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dc.contributor.authorWangia, Joyce Imali
dc.date.accessioned2012-01-04T08:35:34Z
dc.date.available2012-01-04T08:35:34Z
dc.date.issued2012-01-04
dc.identifier.urihttp://ir-library.ku.ac.ke/handle/123456789/2233
dc.descriptionThe BS 325.L82W3en_US
dc.description.abstractThis study set out to investigate the language problems and the apparent inaccurate translation exhibited in the 1951 Lulogooli Bible. The investigation had three objectives: to identify, classify and analyse mistranslations in the 1951 Lulogooli Bible; to test receptor comprehension from a cross-section of respondents and to discuss the factors that constitute the mistranslations and where possible suggest ways of improving the translation. The data was collected from six sampled books of the Bible using systematic sampling. We obtained 83 texts with cases of mistranslation from a total sample of 1,556 verses. These were classified into seven categories namely, the Syntactic, Ambiguity/Obscurity, Loan/New words, Conceptual, Idiomatic, Archaic and Cultural Categories. In a second stage of data elicitation, 53 texts were purposively selected from the sampled 83 texts for testing receptor comprehesion. Six questionnaires, one for every book were formulated and each questionnaire tested on 10 respondents. Using mainly the Speed Act theory and Relevance theory, the mistranslation and the responses were analysed, interpreted and discussed. The findings indicate, various types of mistranslations, low receptor comprehension rate and and that there are several factors that could account for the mistranslations. These include, translator incompetence in the target language, receptor language whose written forms have not been systematically described, use of foreign words or archaic forms that do not meaningfully communicate to the receptors and socio-cultural difference between source language and target language. This study shows the significance of systematic writing systems for languages like Lulogooli that are still largely oral, in order to facilitate accurate translation into these languages. The nature of mistranslation analyses revealed in the seven linguistic categories adapted for this study and the implications from the receptro comprehension tests analyses to translation form a major contribution of this study. Chapter one gives the historical and linguistic background to the problems of translation, defines the problem of the study and gives the methodology. Chapter two presents theliterature review and theoretical framework. An eclectic theoretic approach is adopted with particular focus on the Speech Act theory, and the Relevance theory. A brief description of the Lulogooli language, in relation, is given in chapter three. Chapter four presents the classification and analyses of the mistranslations. Receptor test responses to the questionnaires are presented in Chapter five. Issues of mistranslation arising from the analyses are discussed in Chapter six and suggestions for possible solutions made. Chapter seven gives the summary of findings and conclusionsen_US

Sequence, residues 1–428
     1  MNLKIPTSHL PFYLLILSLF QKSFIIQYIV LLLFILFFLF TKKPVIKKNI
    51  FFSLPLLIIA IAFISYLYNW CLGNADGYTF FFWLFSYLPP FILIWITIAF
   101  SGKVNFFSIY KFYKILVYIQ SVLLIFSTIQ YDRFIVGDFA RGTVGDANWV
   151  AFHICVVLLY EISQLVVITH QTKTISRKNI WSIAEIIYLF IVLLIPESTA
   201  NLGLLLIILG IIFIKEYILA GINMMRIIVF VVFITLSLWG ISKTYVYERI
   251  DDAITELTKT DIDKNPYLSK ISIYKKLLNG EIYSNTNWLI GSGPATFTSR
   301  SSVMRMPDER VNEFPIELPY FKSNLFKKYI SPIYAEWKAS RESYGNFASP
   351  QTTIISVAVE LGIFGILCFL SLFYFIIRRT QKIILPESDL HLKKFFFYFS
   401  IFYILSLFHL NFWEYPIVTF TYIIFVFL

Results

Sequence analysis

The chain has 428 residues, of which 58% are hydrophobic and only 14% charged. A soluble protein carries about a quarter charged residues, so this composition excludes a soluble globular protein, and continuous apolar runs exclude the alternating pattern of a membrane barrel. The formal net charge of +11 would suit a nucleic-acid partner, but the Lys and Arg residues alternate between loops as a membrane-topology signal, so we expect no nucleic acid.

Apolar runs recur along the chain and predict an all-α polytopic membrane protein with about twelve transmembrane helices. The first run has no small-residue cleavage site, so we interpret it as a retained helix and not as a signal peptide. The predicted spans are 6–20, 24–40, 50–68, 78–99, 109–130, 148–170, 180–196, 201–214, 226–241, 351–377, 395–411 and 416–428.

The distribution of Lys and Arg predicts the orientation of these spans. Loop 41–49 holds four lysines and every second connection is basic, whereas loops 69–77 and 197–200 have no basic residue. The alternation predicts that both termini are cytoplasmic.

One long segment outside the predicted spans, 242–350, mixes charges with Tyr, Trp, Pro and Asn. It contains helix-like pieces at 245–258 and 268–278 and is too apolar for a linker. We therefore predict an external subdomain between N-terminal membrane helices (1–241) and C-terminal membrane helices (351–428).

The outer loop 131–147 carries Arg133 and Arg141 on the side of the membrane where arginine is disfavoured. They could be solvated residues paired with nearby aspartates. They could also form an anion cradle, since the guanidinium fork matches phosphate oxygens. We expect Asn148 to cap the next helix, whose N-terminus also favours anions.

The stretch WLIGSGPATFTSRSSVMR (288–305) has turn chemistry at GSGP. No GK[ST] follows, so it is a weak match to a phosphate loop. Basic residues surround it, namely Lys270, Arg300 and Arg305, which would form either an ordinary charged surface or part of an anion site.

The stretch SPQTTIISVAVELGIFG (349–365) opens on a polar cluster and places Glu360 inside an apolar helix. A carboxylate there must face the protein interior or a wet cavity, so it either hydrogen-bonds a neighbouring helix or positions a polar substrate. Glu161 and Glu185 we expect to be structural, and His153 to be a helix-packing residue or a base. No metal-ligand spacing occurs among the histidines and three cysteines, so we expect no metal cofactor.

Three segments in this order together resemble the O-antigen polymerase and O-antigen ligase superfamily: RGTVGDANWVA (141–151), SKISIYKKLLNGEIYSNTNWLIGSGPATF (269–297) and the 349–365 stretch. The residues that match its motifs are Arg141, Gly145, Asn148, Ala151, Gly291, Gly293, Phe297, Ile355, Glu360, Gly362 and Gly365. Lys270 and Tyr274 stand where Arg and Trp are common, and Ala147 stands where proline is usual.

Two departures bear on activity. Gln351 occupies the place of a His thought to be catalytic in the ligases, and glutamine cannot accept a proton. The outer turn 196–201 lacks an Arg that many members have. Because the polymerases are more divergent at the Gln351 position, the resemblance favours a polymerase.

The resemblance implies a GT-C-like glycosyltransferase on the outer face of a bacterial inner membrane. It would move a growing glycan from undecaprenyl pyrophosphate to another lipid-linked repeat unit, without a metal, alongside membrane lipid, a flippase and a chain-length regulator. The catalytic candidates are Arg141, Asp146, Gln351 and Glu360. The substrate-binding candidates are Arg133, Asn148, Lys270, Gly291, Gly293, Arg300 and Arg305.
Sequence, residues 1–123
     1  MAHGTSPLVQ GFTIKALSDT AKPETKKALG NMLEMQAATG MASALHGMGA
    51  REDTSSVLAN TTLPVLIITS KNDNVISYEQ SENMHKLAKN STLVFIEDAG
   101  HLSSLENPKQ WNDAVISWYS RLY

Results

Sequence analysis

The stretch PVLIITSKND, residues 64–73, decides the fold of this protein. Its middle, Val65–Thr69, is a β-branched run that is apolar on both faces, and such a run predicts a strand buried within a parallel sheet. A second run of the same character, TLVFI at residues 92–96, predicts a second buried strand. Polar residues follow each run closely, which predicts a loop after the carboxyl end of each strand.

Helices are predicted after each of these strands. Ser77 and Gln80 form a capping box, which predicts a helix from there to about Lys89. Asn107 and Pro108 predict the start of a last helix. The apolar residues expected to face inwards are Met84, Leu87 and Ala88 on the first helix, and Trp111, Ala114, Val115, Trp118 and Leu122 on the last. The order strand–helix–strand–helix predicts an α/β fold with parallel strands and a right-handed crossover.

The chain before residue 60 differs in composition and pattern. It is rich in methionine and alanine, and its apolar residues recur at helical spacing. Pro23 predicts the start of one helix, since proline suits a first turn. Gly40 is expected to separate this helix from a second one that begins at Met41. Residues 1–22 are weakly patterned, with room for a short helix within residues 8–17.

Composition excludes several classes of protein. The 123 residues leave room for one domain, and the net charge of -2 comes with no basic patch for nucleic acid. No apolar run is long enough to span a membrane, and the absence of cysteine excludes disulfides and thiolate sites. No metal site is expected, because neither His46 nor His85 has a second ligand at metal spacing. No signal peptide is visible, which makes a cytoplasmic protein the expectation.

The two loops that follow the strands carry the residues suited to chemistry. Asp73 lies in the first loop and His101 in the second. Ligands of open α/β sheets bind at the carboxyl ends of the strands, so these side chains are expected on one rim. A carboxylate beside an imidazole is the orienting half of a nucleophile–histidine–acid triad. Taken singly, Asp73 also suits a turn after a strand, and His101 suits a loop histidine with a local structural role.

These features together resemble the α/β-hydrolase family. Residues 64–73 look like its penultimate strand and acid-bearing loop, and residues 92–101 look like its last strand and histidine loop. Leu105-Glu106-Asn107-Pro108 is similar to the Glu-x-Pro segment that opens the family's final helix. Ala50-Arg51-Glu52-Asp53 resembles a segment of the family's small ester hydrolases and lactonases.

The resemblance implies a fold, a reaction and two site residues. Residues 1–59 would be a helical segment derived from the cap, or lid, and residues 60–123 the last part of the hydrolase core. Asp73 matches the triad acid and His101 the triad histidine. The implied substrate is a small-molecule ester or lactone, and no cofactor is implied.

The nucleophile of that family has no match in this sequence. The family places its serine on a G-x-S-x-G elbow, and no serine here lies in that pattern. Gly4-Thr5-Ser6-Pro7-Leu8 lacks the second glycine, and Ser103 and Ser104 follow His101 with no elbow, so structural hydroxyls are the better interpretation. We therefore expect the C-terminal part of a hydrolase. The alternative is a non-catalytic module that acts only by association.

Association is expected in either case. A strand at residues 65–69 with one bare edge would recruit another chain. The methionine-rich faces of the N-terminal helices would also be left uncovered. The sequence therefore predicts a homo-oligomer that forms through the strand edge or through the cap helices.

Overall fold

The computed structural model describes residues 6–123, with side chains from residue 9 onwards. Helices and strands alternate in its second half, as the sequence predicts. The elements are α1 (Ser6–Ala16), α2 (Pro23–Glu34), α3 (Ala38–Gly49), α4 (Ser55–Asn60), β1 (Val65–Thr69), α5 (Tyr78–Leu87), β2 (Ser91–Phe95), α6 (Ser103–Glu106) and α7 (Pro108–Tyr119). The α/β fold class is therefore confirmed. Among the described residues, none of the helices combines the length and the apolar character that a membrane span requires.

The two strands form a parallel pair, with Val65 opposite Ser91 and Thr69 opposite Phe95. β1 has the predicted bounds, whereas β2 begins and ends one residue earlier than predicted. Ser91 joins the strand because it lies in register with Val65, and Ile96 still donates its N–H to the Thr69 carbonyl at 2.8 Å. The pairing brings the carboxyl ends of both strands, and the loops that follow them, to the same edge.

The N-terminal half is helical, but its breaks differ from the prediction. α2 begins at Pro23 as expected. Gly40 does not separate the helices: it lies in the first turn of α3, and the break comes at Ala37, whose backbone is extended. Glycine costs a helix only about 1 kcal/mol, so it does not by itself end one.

dc.description.sponsorshipKenyatta Universityen_US
dc.language.isoenen_US
dc.subjectBible--Translating--Kenya//Bible.Logooli--versionsen_US
dc.titleAspects of mistranslation in the 1951 Lulogooli Bibleen_US
dc.typeThesisen_US


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